A new £150m indoor arena with a capacity of 15,000 scheduled for completion in 2023 is expected to attract more than one million visitors a year and generate £100m for the local economy annually, according to the council. It will also create more than 2,000 jobs during its three-year building programme, and another 1,000 direct jobs upon completion, along with an estimated 600 associated positions.
A rising tourist destination
Goodway says Cardiff’s capacity to stage big events is one of the city’s key targets in terms of tourism. “Attracting more tourists to the city, visitors who stay longer, is one of the criteria that underpins the decision to build [the indoor] arena,” he adds.
Although tourism in coastal and rural parts of Wales has largely survived the Covid-19 crisis, with only 4% of businesses having made redundancies, tourism in south-east Wales is struggling, according to the Welsh Government Tourism Barometer, which notes that “Cardiff often hosts large events, and events are not happening”.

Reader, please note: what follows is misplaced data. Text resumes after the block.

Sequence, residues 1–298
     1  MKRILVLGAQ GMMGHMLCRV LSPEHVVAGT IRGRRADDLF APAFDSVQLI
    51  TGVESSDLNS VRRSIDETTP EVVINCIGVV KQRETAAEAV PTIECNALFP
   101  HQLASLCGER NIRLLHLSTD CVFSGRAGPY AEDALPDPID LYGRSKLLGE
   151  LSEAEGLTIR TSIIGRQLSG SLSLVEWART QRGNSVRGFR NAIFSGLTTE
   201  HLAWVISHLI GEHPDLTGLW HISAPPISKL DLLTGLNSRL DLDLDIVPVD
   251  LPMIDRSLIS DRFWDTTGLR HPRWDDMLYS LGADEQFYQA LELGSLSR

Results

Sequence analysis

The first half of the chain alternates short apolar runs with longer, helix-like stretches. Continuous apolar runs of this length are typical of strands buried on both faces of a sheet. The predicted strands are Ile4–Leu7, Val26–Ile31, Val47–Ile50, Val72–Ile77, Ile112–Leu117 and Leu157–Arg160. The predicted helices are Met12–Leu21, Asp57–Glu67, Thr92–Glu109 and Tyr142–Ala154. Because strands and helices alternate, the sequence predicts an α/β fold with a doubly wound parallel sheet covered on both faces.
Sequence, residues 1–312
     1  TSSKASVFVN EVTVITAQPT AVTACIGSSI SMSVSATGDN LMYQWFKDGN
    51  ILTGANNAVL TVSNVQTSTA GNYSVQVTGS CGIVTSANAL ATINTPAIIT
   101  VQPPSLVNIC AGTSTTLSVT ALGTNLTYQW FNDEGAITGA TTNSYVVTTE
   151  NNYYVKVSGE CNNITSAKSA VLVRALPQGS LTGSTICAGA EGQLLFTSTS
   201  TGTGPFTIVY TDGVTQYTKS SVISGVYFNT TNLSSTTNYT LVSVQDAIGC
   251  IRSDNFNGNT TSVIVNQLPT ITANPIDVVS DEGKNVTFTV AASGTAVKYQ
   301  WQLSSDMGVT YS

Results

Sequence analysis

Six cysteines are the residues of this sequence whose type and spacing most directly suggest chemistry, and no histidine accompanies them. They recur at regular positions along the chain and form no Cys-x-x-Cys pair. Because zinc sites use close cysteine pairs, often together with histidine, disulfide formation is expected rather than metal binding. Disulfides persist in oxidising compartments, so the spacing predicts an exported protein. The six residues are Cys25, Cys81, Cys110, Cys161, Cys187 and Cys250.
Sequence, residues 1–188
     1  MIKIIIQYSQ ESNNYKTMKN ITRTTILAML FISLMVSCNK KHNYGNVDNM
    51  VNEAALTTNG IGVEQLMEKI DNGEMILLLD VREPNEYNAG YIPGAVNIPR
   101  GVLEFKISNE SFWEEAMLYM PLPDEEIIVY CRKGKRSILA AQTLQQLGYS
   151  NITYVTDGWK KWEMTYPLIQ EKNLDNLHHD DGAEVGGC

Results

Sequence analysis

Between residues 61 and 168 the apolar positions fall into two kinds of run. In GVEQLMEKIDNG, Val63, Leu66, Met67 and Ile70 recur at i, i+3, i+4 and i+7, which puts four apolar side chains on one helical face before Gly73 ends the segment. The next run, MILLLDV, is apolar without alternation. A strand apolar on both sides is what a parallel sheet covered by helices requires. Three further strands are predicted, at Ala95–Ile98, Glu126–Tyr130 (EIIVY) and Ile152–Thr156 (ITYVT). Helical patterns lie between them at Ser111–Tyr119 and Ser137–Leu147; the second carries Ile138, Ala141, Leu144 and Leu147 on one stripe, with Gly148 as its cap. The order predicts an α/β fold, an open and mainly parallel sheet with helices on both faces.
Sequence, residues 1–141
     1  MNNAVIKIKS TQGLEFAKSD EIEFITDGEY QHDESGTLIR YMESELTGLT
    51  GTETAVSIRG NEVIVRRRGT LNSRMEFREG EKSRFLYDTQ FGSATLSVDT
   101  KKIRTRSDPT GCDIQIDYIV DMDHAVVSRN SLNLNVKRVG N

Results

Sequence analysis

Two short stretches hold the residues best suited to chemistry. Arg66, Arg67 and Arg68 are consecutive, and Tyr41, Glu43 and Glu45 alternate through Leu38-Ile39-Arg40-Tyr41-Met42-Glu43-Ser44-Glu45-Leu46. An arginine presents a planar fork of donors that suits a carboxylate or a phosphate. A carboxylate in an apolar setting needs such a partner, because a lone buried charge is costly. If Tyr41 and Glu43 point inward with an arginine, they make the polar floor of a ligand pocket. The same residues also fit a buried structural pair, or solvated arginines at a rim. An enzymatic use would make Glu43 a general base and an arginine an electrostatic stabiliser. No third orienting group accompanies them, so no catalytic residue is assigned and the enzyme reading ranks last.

As Wales regroups after the devastating effects of the Covid-19 pandemic, Cardiff’s role as a core UK city with a young and educated workforce should keep it on the radar of foreign investors. Anstey-Myers cites the high proportion of graduates in the workforce as a further factor supporting this message to investors, saying: “The role of the talent pool in Cardiff’s growth cannot be underestimated.”
Given that the city has three universities, three business and law schools, a graduate workforce of 30% and 1.4 million workers who live within a 30-minute commute, according to the Welsh government’s inward investment agency Business Wales, this talent pool should form the foundation of Cardiff’s post-Covid economic recovery.
This article forms part of Investment Monitor’s ‘Future of British Cities’ series. Other UK cities and regions covered are:
Lara Williams is a senior reporter at Investment Monitor specialising in FDI in the tech and bio-pharma sectors.